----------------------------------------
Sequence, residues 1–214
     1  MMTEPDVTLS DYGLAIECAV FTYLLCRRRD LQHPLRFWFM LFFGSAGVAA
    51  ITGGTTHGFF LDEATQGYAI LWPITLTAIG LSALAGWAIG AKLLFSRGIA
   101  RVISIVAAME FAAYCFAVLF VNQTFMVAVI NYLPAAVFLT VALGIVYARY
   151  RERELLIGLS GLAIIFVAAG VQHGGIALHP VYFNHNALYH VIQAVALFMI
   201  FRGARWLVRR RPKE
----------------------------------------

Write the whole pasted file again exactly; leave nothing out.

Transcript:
Sequence, residues 1–214
     1  MMTEPDVTLS DYGLAIECAV FTYLLCRRRD LQHPLRFWFM LFFGSAGVAA
    51  ITGGTTHGFF LDEATQGYAI LWPITLTAIG LSALAGWAIG AKLLFSRGIA
   101  RVISIVAAME FAAYCFAVLF VNQTFMVAVI NYLPAAVFLT VALGIVYARY
   151  RERELLIGLS GLAIIFVAAG VQHGGIALHP VYFNHNALYH VIQAVALFMI
   201  FRGARWLVRR RPKE